Fennel flowers with dew on them and sky behind.


This world of dew is only the world of dew– and yet...and yet...

Kobayahi Issa (c. 1817)

Issa’s tragic life, his mother dying when he was three, later years of fighting his step family, and then his wife and children all dying, underlies his great appeal to those in trouble, most especially to children and families. Here dew stands for the ephemeral nature of life, reminding us of the truth that a Buddhist, as he was, might be expected to fully grasp: that beauty too passes just like the dewdrop. However, at times believing this can be challenging - he wrote the poem just after his second child had died. We yearn to hang on to the beauty, or at the very least, we wish to see that beauty explained as part of some greater whole.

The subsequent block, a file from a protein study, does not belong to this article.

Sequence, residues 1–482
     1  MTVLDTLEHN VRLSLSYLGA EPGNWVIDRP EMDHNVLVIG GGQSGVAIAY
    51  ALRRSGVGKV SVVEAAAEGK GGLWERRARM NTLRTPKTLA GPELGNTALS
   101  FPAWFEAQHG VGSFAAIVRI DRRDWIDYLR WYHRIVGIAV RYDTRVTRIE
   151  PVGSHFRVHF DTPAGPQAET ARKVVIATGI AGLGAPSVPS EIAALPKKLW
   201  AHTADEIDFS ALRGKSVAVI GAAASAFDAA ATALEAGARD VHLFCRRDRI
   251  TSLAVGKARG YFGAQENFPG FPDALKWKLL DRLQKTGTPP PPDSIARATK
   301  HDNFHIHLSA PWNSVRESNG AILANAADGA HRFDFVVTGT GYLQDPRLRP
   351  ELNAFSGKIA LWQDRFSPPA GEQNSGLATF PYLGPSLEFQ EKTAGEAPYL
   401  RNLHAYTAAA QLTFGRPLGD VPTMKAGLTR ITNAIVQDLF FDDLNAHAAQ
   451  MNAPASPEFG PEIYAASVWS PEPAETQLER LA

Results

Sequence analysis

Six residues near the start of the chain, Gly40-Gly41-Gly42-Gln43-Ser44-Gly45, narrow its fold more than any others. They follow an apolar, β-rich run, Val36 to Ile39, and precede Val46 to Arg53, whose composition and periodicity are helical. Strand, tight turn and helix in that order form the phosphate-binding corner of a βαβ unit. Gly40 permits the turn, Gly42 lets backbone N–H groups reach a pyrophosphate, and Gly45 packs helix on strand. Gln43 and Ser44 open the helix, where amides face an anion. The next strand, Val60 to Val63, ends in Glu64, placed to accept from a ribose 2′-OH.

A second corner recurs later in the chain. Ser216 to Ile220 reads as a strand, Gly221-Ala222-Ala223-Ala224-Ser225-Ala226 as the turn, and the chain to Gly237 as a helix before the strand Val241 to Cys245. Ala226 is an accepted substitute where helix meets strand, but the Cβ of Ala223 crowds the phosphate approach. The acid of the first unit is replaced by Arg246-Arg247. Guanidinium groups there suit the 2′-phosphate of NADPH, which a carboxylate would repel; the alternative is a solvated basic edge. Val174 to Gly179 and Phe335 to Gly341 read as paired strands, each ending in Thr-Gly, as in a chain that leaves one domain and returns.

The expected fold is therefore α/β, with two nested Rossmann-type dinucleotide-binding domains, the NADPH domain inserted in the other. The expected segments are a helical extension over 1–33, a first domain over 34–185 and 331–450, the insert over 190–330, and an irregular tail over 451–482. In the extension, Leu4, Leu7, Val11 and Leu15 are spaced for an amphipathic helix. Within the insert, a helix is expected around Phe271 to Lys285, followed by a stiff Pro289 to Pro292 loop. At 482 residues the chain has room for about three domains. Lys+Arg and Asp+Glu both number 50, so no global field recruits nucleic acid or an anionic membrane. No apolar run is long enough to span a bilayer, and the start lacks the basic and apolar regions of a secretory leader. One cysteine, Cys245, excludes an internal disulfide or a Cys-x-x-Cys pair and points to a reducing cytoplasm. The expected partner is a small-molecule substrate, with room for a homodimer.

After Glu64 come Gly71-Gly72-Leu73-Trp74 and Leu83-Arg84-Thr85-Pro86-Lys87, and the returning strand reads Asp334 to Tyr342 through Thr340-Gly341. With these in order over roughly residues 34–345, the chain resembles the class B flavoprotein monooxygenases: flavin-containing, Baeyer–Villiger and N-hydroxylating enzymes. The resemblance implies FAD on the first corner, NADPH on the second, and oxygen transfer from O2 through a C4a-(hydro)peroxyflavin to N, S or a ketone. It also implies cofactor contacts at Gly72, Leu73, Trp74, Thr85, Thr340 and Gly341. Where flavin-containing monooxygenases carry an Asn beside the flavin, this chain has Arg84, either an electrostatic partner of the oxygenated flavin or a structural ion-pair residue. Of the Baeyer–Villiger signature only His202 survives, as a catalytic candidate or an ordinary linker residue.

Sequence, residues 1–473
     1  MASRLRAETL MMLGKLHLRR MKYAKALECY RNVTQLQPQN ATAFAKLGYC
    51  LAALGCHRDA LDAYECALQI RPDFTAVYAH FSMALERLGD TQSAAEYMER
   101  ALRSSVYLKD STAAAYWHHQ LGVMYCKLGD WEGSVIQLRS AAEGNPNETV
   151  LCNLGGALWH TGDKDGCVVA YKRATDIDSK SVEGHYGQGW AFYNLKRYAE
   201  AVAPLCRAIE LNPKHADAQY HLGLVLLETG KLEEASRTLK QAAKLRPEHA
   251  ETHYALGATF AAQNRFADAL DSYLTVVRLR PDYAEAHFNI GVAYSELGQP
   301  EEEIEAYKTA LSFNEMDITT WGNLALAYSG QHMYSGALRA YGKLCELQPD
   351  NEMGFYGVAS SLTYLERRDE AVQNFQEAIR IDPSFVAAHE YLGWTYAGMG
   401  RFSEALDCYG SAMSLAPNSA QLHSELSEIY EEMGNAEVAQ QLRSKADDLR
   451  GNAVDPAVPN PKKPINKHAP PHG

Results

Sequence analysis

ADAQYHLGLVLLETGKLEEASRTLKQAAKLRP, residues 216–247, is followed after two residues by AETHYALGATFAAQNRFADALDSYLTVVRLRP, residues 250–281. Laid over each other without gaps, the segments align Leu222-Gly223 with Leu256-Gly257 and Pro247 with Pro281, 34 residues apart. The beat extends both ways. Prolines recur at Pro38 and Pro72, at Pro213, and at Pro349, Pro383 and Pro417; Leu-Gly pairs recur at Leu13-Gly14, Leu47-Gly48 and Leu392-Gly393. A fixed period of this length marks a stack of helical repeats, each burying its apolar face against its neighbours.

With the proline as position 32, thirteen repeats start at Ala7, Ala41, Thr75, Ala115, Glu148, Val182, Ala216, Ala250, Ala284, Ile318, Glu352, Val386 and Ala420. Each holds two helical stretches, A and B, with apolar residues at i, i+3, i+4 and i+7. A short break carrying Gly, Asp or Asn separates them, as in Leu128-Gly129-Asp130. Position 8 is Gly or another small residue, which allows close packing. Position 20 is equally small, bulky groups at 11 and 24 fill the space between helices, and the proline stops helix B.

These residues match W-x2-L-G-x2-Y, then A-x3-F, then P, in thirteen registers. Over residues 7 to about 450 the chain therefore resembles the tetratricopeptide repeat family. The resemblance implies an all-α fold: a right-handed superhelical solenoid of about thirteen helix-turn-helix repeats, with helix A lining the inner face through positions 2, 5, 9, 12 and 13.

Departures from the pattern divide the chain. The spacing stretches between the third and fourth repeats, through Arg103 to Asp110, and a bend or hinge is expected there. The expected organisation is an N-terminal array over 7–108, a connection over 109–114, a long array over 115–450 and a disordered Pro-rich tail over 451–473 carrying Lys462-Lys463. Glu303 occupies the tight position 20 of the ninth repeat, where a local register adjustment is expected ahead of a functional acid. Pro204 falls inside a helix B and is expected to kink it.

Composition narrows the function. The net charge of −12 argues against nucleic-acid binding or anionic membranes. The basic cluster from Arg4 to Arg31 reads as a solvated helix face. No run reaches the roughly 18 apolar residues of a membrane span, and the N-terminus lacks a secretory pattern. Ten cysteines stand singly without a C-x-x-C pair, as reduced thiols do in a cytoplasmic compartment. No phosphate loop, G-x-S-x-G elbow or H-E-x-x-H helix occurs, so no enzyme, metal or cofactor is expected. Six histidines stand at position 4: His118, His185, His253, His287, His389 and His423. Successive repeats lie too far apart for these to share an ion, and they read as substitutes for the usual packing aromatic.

The Japanese poet Issa (1763 - 1828) is said to have written over 20,000 haiku. This translation is by Sam Hamil + J.P. Seaton (2004) in ‘The Poetry of Zen’, published by Shambhala. Issa’s ‘In the Spring of my Life’ is considered to be second only to Basho’s work as a masterpiece among spiritual journey writings. The photograph, taken early on an August morning in Moffat, Scotland, is of the flowers of fennel.


Saturday 14th December 2019

Murphy on duty

Details of the
Greeting Card

Go to the contents for this section     Go to the 'Home' page for this site - ColinBrydon.net     Return to the top